Take the Public-Private Road to Efficiency
February 22, 2013
During his State of the Union address, President Obama proposed many new spending projects, including a $50 billion plan to invest in America's highways, bridges and other projects. While the president stated that he wants to attract private capital for the investment, he still wishes that capital allocations remain under federal planners' control. In order to rebuild our infrastructure, policymakers should consider privatization instead of central planning, says Chris Edwards, director of tax policy studies at the Cato Institute.
- U.S. infrastructure, such as toll roads, railways and urban rail and bus services, were built by the private sector in the 19th century.
- In the 20th century, the federal government started taking over private infrastructure, which pushed up costs and reduced innovation.
- The United States lags behind the global trend of partly or fully privatizing infrastructure, which has been particularly popular in Europe and Latin America.
Privatization attracts private capital, which ensures money is spent on high-return projects instead of "bridges to nowhere."
- The public-private partnerships common to Canada and Australia improve on traditional government contracting by shifting elements of funding, management, maintenance, operations and financial risks to private businesses.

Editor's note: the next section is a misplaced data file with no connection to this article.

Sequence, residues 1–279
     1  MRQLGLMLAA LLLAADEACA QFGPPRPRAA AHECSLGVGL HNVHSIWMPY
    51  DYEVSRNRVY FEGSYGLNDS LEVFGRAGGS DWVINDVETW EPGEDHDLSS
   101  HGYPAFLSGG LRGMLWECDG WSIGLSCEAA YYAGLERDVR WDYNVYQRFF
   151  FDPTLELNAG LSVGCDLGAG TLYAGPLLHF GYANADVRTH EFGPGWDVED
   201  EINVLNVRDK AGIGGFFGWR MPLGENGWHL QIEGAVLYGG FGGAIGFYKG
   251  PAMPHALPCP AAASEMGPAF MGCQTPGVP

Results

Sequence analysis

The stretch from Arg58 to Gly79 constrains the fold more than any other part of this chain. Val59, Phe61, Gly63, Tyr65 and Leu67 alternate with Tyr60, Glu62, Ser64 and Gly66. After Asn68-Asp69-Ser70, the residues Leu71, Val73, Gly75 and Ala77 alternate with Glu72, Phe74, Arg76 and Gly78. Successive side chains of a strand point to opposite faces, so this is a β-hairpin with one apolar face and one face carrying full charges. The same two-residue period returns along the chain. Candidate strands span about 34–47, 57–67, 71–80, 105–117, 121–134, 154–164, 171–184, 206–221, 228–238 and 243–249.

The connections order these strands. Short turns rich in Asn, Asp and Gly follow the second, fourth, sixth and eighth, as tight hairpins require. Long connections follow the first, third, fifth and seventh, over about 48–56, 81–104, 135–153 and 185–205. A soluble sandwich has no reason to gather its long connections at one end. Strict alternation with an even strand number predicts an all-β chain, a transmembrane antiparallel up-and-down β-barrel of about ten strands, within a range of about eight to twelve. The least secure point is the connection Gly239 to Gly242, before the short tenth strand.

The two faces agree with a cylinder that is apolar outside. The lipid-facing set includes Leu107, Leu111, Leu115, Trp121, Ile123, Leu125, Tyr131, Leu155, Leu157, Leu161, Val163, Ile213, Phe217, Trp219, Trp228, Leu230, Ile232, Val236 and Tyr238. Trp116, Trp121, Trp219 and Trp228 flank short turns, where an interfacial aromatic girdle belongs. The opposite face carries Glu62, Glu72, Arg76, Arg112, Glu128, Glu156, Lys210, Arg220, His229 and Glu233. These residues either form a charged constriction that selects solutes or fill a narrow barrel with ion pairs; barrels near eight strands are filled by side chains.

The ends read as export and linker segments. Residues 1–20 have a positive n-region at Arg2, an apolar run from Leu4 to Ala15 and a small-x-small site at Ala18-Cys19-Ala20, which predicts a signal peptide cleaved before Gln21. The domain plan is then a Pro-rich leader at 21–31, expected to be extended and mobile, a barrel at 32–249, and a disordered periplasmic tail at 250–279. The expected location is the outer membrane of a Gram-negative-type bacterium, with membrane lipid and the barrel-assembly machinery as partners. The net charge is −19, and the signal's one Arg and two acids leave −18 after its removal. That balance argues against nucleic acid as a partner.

- Private infrastructure projects are more likely to be chosen without political influence and are more likely to be completed on time and on budget.
The Publics Works Financing newsletter reports that only 1 out of 38 transportation privatization companies is based in the United States and only 28 out of 726 public-private projects worldwide are in the United States. Four Virginia projects, however, are leading the way for private infrastructure in the United States.
- The Capital Beltway is operated by private companies, which built the 14 miles of Interstate 495 on time and on budget in 2012.
- Private companies are building a three-mile tolled tunnel under the Elizabeth River between Norfolk and Portsmouth.
- Built in the 1990s, the Dulles Greenway is another toll way in Northern Virginia that is privately financed and owned.
- Built with $142 million in private equity, the Jordan Bridge spans the Elizabeth River between Chesapeake and Portsmouth and will be paid for with toll revenues.
Source: Chris Edwards, "Take the Public-Private Road to Efficiency," Wall Street Journal, February 19, 2013.
Browse more articles on Tax and Spending Issues